Misspelling of actually.
(literal) In a way or manner that is real, not unreal.
(modal) Actually; in fact; in reality.
‘"He really is a true friend." / "Really? What makes you so sure?"’;
Very (modifying an adjective); very much (modifying a verb).
‘But ma, I really, really want to go to the show!’;
Indicating surprise at, or requesting confirmation of, some new information; to express skepticism.
‘A: He won the Nobel Prize yesterday.’; ‘B: Really?’;
Indicating that what was just said was obvious and unnecessary; contrived incredulity
‘A: I've just been reading Shakespeare - he's one of the best authors like, ever!’; ‘B: Really.’;
Indicating affirmation, agreement.
‘A: That girl talks about herself way too much.’; ‘B: Really. She's a nightmare.’;
Indicating displeasure at another person's behaviour or statement.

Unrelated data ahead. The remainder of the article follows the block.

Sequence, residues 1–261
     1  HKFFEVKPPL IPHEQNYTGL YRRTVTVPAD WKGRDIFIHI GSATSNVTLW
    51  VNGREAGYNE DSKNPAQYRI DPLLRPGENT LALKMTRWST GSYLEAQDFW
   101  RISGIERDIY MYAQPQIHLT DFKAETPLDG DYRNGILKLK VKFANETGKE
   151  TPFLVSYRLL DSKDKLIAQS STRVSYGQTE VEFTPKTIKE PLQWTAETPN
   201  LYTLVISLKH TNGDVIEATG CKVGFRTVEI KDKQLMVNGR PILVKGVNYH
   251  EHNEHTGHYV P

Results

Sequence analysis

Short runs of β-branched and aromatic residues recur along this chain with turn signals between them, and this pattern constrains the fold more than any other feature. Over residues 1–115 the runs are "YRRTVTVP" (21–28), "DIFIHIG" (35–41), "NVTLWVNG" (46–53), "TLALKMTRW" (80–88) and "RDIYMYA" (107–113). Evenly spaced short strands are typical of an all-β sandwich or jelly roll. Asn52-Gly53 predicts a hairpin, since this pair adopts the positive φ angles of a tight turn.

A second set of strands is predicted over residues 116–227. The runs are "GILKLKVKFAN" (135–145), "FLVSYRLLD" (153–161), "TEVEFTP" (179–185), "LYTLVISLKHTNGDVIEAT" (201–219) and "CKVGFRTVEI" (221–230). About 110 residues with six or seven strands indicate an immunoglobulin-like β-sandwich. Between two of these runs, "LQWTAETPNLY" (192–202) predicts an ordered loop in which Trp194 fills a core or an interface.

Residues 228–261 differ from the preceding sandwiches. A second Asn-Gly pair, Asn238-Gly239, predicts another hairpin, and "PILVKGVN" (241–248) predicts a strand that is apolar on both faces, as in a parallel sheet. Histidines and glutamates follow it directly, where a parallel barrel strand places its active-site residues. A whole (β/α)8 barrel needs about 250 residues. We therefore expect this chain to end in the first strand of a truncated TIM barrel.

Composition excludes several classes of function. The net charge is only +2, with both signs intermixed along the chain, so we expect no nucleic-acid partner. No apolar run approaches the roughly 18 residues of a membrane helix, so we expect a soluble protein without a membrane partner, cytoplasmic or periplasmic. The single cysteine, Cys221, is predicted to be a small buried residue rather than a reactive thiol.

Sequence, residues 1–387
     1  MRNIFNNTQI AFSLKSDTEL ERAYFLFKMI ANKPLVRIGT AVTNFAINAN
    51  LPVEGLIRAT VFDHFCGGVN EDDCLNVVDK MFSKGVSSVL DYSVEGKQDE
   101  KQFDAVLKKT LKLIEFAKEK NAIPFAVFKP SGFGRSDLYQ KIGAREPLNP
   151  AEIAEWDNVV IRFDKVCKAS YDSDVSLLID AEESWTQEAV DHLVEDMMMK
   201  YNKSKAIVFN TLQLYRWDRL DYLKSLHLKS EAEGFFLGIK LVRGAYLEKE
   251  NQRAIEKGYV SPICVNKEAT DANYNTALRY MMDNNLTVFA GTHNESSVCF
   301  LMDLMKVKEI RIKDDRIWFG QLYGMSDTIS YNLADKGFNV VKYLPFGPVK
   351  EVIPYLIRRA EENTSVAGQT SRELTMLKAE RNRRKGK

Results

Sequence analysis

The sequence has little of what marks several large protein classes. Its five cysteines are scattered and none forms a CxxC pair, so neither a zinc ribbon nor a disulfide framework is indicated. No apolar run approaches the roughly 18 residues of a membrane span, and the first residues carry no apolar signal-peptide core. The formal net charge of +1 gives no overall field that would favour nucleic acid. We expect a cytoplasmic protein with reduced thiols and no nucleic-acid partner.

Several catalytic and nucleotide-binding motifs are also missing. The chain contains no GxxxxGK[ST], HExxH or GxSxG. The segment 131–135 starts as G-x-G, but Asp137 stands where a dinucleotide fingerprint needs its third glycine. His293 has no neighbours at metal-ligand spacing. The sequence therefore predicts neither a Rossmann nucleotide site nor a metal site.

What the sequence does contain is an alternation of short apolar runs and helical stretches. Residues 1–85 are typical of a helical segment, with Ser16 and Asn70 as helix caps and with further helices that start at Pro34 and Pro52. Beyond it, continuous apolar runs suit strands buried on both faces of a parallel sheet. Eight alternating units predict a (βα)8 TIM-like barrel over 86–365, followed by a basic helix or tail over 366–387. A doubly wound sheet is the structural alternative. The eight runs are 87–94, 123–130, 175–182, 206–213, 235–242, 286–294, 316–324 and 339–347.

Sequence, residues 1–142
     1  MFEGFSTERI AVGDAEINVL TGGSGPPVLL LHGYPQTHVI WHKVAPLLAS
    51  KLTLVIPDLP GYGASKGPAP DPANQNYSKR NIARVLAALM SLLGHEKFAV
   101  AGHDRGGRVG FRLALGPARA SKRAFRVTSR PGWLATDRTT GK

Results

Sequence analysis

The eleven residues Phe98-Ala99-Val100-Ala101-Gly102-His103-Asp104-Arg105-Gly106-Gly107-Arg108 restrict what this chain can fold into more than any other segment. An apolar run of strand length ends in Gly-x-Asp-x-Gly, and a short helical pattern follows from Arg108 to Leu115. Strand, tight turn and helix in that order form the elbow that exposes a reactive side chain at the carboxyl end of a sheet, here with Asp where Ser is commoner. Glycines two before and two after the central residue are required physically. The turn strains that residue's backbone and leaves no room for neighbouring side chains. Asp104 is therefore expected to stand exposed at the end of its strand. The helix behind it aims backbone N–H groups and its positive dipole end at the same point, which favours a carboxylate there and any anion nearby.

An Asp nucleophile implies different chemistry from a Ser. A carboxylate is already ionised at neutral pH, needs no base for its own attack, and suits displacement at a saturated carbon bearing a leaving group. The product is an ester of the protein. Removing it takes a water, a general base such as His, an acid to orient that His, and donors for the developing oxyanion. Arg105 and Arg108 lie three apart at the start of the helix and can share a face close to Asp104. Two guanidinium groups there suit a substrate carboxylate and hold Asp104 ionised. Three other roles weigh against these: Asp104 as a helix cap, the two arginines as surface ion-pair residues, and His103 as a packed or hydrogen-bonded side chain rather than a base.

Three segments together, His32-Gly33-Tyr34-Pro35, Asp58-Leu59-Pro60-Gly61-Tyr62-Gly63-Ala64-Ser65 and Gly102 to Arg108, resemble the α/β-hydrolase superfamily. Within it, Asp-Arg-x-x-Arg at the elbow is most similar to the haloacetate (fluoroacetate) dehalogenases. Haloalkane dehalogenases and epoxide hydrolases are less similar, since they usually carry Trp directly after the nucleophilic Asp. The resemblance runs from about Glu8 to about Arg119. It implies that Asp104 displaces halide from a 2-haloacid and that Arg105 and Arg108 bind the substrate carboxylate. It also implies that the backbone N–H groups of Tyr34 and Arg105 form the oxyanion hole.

‘Well, really! How rude.’;
In a real manner; with or in reality; actually; in truth.
‘Whose anger is really but a short fit of madness.’; ‘Why, really, sixty-five is somewhat old.’;
in accordance with truth or fact or reality;
‘she was now truly American’; ‘a genuinely open society’; ‘they don't really listen to us’;
in actual fact;
‘to be nominally but not actually independent’; ‘no one actually saw the shark’; ‘large meteorites actually come from the asteroid belt’;
in fact (used as intensifiers or sentence modifiers);
‘in truth, moral decay hastened the decline of the Roman Empire’; ‘really, you shouldn't have done it’; ‘a truly awful book’;
used as intensifiers; `real' is sometimes used informally for `really'; `rattling' is informal;
‘she was very gifted’; ‘he played very well’; ‘a really enjoyable evening’; ‘I'm real sorry about it’; ‘a rattling good yarn’;